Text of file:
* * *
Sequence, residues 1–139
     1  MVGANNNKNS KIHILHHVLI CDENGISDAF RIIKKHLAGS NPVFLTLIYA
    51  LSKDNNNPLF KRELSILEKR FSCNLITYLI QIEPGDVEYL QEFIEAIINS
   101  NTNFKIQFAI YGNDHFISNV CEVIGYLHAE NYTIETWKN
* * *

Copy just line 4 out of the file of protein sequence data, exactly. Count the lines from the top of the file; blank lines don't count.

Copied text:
   101  NTNFKIQFAI YGNDHFISNV CEVIGYLHAE NYTIETWKN